Histologically, severe granulomatous inflammation with marked necrosis was observed in the lung, spleen and sternal musculature destroying the normal architecture of the tissues (Fig. 2a). Fine, sometimes Gram-positive, 0.5–1 μm wide, branching and beaded filamentous organisms were visible in some locations within the lesions. These organisms were readily visualized by Grocott’s methenamine silver stain and were acid-fast on Fite-Faraco stain, but not on Ziehl-Neelsen stain (Fig. 2b). The Bursa of Fabricius was also examined and found to be normal histologically.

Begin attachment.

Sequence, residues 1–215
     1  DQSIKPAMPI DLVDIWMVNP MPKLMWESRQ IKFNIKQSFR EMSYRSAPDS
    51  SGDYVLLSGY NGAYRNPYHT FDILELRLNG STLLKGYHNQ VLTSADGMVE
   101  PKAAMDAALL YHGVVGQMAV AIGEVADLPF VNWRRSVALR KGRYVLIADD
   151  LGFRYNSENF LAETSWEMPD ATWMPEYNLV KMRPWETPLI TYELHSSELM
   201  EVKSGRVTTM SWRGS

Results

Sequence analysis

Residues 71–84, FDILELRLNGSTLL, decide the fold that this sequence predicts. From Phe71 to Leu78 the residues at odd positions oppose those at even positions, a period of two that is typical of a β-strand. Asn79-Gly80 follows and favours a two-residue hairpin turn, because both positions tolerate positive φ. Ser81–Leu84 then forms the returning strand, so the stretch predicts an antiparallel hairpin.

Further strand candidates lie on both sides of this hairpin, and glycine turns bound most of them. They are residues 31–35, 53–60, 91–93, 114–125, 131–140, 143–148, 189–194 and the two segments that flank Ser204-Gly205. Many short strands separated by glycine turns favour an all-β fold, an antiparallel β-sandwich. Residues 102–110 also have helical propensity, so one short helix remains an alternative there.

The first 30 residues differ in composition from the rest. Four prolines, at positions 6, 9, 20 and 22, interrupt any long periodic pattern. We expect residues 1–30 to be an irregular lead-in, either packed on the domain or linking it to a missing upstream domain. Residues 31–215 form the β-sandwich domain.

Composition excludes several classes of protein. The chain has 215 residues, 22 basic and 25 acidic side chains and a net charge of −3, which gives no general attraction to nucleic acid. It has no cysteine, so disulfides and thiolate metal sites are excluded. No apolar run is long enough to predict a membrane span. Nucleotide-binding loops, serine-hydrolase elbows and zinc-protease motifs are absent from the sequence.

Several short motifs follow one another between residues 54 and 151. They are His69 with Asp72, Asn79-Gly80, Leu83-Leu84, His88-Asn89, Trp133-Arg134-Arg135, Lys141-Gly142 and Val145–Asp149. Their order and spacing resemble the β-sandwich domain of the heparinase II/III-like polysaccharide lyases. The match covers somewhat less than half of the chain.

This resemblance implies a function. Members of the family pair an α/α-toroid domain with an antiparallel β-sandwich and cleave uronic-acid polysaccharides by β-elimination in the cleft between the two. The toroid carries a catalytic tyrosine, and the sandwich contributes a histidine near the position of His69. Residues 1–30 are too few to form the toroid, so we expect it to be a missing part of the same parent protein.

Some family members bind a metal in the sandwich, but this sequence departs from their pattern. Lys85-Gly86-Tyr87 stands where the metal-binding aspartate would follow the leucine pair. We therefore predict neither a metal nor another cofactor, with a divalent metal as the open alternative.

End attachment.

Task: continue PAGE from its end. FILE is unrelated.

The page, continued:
Tissue samples obtained from the sternum, liver, right lung and right kidney yielded tiny colonies on 5% horse blood agar after 2 days of incubation at 37 °C with 5% CO2. The bacterium was Gram-positive, non-sporulating, beaded rods that formed branching filaments. It was modified Ziehl-Neelsen stain positive and catalase-positive, compatible with a Nocardia species. Matrix-assisted laser desorption ionization time-of-flight mass spectrometry analysis, using sample preparation method previously described  and Bruker Biotyper with the database V.22.214.171.124, identified the bacterium as N. nova or N. asteroides (both species with score > 2.0). Amplification of four gene loci, including β-subunit A of type II DNA topoisomerase (gyrB), 16S rRNA, subunit A of SecA preprotein translocase (secA1) and 65-kDa heat shock protein (hsp65), was performed using primers and PCR conditions as described previously . A 481-bp, 462-bp, 445-bp and 401-bp fragment in the gyrB, 16S rRNA, secA1 and hsp65 genes were amplified and sequenced respectively using extracted DNA from the isolate. Gene sequences of the isolate were compared to those of other known Nocardia species using ClustalW by multiple sequence alignment, and the results showed that the isolate was most closely related to N. nova strains belonging to the N. nova complex, which included N. nova DSM43207 and N. nova DSM44481T, sharing 99.6, 100, 100 and 99.5% nucleotide identities on the gyrB, 16S rRNA, secA1 and hsp65 genes respectively. Phylogenetic tree was constructed based on the concatenated (gyrB-16S-secA1-hsp65) sequences using neighbor-joining method by MEGA 6.0 , and the results confirmed that the isolate was a strain of N. nova (Fig. 3). Also, an attempt was made to identify the source of the bacterium from various food and soil samples in the chick’s enclosure but all cultures were negative for Nocardia.